Jurors in the George Zimmerman trial raised a question to gain clarification on the offense of mansalughter Saturday (July 13). The collective has been deliberaing for more than 12 hours, and will decide the fate of the Florida resident in the shooting death of Trayvon Martin last February.
According to CNN legal expert Sunny Hostin, asking questions points to jurors going through the charges against Zimmerman in chronological order, and may have ruled out second-degree murder. The inquiry into manslaughter was the only one brought up by the six women. The group has also ordered dinner which another expert said means “they’re closer to the end now because they want to keep working.”
The panel of six women, which has deliberated more than 12 hours over two days, could decide on manslaughter, second-degree murder or acquittal for Zimmerman, who says he shot the 17-year-old Martin in self-defense.
“My guess is that they are looking hard at it to settle on manslaughter, that’s what that usually means,” said Teresa Sopp, a Jacksonville-based defense attorney.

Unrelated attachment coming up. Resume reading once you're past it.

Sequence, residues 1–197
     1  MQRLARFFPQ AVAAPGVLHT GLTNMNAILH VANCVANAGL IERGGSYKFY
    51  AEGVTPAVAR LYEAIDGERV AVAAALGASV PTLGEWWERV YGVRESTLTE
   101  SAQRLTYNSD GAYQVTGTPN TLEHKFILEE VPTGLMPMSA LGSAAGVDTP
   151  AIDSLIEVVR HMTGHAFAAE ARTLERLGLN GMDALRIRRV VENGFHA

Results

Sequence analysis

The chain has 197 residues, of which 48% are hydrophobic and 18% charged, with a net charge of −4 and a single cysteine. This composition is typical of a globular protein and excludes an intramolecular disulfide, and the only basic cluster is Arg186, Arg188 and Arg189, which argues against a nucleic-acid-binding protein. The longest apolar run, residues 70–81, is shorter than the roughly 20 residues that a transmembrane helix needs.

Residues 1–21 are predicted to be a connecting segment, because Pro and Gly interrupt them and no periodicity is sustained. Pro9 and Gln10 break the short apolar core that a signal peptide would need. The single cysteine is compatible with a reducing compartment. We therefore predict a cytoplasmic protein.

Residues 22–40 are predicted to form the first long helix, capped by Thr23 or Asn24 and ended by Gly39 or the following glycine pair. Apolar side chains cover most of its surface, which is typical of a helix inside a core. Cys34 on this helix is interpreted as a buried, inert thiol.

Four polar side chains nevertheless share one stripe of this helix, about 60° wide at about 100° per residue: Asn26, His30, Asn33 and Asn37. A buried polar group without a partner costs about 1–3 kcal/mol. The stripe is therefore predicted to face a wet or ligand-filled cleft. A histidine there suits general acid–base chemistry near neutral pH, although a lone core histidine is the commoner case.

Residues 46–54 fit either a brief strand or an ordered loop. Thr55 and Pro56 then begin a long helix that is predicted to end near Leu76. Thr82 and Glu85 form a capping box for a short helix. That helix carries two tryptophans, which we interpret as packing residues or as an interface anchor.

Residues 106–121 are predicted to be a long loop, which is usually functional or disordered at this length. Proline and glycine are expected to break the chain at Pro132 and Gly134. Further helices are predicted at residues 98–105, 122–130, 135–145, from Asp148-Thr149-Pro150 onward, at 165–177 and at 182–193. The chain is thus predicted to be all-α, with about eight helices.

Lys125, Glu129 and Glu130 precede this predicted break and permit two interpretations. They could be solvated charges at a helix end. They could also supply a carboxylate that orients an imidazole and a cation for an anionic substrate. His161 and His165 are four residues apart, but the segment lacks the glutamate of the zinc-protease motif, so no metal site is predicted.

Zimmerman, 29, said Martin attacked him on the night of February 26, 2012, in the central Florida town of Sanford. Prosecutors contend the neighborhood watch coordinator in his gated community was a “wannabe cop” who tracked down the teenager and shot him without justification.
Judge Debra Nelson responded to the note by asking the jury to pose a more specific question about manslaughter.
To convict Zimmerman of second-degree murder, which carries the possibility of a life prison sentence, the jury must find Zimmerman acted with ill will, spite or hatred.
In the case of manslaughter, according to the instructions read by the judge, jurors must find that Zimmerman committed an act “that was not merely negligent, justified or excusable and which caused death.” The crime carries a prison sentence of up to 30 years.
Closing arguments commenced Friday (July 12) afternoon with a final rebuttal from the prosecution. During his statements, lead defense attorney Mike O’Mara urged jurors to side with Zimmerman if there is “a reasonable doubt” concerning whether of not the 29-year-old “was justified in the use of deadly force.”
If so, O’Mara wants jurors to come to one conclusion, “He’s not guilty.”
He added that the death of Martin, 17, was “a tragedy, truly, but you can’t allow sympathy into it.”